20. (ז) המפלת ליום ארבעים אינה חוששת לולד, ליום ארבעים ואחד תשב לזכר ולנקבה ולנדה. רבי ישמעאל אומר: יום ארבעים ואחד תשב לזכר ולנדה, יום שמונים ואחד תשב לזכר ולנקבה ולנדה, שהזכר נגמר לארבעים ואחד והנקבה לשמונים ואחד. וחכמים אומרים: אחד ברית הזכר ואחד ברית הנקבה, זה וזה לארבעים ואחד.

    (7) If she miscarries on the fortieth day [since her prior immersion], she need not be concerned that it was a fetus. If [she miscarries] on the forty-first day, she should sit [for the required number of days] for a male and for a female, and for [being] a niddah. Rabbi Yishmael says: on the forty-first day she should sit for [the required number of days for one who gives birth to] a male and for [being] a niddah. On the eighty-first day she should sit for a male and for a female and for [being] a niddah, because [the formation of] a male is completed in forty-one [days], and a female in eighty-one. And the Sages say: this and that [are both completed] in forty-one.

  21. We see here a fuller account of how the identity of the fetus changes through the course of the pregnancy.

  22. Rabbi Jacob Emden (Germany, 1697-1776)

    "And even in the case of a legitimate fetus there is reason to be lenient if there is a great need, so long as labor has not begun (or:  as long as the child has not yet begun to move); even if the mother's life is not in jeopardy, but only so as to save her from an evil associated with it that would cause her great pain...("When Life is in the balance", p. 92)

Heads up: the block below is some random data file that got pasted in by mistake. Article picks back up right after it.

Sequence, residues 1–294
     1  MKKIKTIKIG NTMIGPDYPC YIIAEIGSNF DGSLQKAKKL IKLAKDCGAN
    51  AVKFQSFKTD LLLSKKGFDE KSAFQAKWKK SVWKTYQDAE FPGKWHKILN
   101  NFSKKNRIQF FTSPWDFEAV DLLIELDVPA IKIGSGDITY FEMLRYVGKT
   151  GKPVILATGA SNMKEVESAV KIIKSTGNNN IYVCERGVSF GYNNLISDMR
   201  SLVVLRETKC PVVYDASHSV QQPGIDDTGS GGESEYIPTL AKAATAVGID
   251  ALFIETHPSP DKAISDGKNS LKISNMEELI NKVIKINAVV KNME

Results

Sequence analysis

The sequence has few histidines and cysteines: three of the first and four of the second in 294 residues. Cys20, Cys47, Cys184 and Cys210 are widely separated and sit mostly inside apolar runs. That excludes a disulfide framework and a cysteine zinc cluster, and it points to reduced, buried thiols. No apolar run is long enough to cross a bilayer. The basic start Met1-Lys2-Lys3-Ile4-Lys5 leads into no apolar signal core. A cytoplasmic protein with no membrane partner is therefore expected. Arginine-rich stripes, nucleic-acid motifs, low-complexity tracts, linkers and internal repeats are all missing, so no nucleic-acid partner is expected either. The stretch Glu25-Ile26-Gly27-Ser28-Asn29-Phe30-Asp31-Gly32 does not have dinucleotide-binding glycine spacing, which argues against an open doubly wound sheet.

23. *Rabbi Yehiel Jacob Weinberg:  1966 ruling permitting a woman who contracted rubella during the 1st trimester to abort due to fear it would be born "without some organ or without intelligence...causing her pain."


    *Rabbi Ben Zion Uzziel (former chief Rabbi of Israel) - case of a woman in danger of becoming totally deaf in both ears if she continued the pregnancy, ruled that "[deafness] will ruin the rest of her life, make her miserable al her days and make her undesirable in the eyes of her husband...Therefore...she should be permitted to abort her fetus.


    *Rabbi Eliezer Waldenberg (Jerusalem):  In the case of a baby who will have Tay-Sachs, "One should permit...abortion as soon as it becomes evident without doubt from the test that, indeed such a baby shall be born...if, indeed, we may permit an abortion according to the halachah because of 'a great need' and because of pain and suffering, it seems that this is the classic case for such permission.  And it is irrelevant in what way the pain and suffering is expressed, whether it is physical or psychological.  Indeed, psychological suffering is in many ays much greater than the suffering of the flesh.


    *Rabbi Kassel Abelson (Conservative, 1980s):  "If the tests indicate that the child will be born with major defects that would preclude a normal life and that make the mother and the family anxious about the future, it is permitted to abort the fetus.


    *Rabbi Isaac Klein (1979):  Abortion is permissible in all cases that the mother's physical or mental health is threatened by the likelihood of bearing a deformed child.  However, "...when in abortion is desired for reasons of is forbidden."

    ("When Life is in the Balance, pp. 93-95)

  24. Summary of Roe V. Wade 1973 from